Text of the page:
Purpose: To gain an exploratory insight into the relation between training load (TL), salivary secretory immunoglobulin A (sIgA), and upper respiratory tract illness (URI) in elite paratriathletes. Methods: Seven paratriathletes were recruited. Athletes provided weekly saliva samples for the measurement of sIgA over 23 consecutive weeks (February to July) and a further 11 consecutive weeks (November to January). sIgA was compared to individuals’ weekly training duration, external TL, and internal TL, using time spent in predetermined heart-rate zones. Correlations were assessed via regression analyses. URI was quantified via weekly self-report symptom questionnaire. Results: There was a significant negative relation between athletes’ individual weekly training duration and sIgA secretion rate (P = .028), with changes in training duration accounting for 12.7% of the variance (quartiles: 0.2%, 19.2%). There was, however, no significant relation between external or internal TL and sIgA parameters (P ≥ .104). There was no significant difference in sIgA when URI was present or not (101% vs 118% healthy median concentration; P ≥ .225); likewise, there was no difference in sIgA when URI occurred within 2 wk of sampling or not (83% vs 125% healthy median concentration; P ≥ .120). Conclusions: Paratriathletes’ weekly training duration significantly affects sIgA secretion rate, yet the authors did not find a relation between external or internal TL and sIgA parameters. Furthermore, it was not possible to detect any link between sIgA and URI occurrence, which throws into question the potential of using sIgA as a monitoring tool for early detection of illness.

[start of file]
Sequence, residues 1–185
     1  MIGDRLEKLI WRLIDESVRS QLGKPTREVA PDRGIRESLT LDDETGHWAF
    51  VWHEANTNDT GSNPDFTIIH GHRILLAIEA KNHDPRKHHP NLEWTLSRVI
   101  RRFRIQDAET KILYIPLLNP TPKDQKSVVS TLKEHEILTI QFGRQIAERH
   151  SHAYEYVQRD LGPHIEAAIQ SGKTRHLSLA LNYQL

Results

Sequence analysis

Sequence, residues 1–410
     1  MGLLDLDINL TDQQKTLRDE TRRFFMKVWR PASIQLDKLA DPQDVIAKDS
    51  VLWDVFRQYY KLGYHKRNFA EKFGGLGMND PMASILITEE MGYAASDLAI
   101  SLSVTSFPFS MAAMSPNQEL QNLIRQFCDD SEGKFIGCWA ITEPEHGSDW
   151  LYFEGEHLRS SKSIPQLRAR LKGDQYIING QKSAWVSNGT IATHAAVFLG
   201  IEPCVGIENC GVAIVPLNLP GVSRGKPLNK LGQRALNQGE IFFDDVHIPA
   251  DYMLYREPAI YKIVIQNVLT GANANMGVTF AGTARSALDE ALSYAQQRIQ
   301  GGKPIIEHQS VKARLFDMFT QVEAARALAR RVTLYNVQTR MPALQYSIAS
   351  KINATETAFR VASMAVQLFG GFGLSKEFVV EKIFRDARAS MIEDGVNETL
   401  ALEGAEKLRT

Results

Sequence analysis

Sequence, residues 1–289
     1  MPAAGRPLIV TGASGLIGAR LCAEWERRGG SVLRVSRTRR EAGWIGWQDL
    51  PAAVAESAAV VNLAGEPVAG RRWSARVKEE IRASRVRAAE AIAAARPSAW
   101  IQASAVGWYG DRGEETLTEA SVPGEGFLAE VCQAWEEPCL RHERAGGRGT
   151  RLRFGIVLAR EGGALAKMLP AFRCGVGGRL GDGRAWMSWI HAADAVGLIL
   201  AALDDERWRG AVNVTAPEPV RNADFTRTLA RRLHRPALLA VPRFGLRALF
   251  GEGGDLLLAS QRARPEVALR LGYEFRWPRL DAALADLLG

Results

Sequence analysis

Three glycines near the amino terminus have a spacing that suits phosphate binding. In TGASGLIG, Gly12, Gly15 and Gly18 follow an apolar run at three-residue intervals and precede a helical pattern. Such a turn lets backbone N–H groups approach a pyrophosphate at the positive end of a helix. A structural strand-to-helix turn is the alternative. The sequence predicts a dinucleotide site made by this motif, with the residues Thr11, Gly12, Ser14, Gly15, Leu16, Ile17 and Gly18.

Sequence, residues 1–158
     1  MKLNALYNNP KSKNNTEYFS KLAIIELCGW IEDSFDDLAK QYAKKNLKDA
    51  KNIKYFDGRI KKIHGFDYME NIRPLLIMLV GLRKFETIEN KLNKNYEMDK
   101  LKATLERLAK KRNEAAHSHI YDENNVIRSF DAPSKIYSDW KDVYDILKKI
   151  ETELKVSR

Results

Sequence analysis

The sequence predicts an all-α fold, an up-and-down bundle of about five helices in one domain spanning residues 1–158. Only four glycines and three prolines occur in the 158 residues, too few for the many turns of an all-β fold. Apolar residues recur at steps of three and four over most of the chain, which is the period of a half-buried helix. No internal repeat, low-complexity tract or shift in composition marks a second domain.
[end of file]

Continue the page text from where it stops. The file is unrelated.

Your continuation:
Ben T. Stephenson, Eleanor Hynes, Christof A. Leicht, Keith Tolfrey, and Victoria L. Goosey-Tolfrey
Katy E. Griggs, Christof A. Leicht, Michael J. Price, and Victoria L. Goosey-Tolfrey
Individuals with a spinal-cord injury have impaired thermoregulatory control due to a loss of sudomotor and vasomotor effectors below the lesion level. Thus, individuals with high-level lesions (tetraplegia) possess greater thermoregulatory impairment than individuals with lower-level lesions (paraplegia). Previous research has not reflected the intermittent nature and modality of wheelchair court sports or replicated typical environmental temperatures. Hence, the purpose of this study was to investigate the thermoregulatory responses of athletes with tetraplegia and paraplegia during an intermittent-sprint protocol (ISP) and recovery in cool conditions.
Sixteen wheelchair athletes, 8 with tetraplegia (TP, body mass 65.2 ± 4.4 kg) and 8 with paraplegia (body mass 68.1 ± 12.3 kg), completed a 60-min ISP in 20.6°C ± 0.1°C, 39.6% ± 0.8% relative humidity on a wheelchair ergometer, followed by 15 min of passive recovery. Core temperature (Tcore) and mean (Tsk) and individual skin temperatures were measured throughout.
Similar external work (P = .70, ES = 0.20) yet a greater Tcore (P < .05, ES = 2.27) and Tsk (P < .05, ES = 1.50) response was demonstrated by TP during the ISP.
Despite similar external work, a marked increase in Tcore in TP during exercise and recovery signifies that thermoregulatory differences between the groups were predominantly due to differences in heat loss. Further increases in thermal strain were not prevented by the active and passive recovery between maximal-effort bouts of the ISP, as Tcore continually increased throughout the protocol in TP.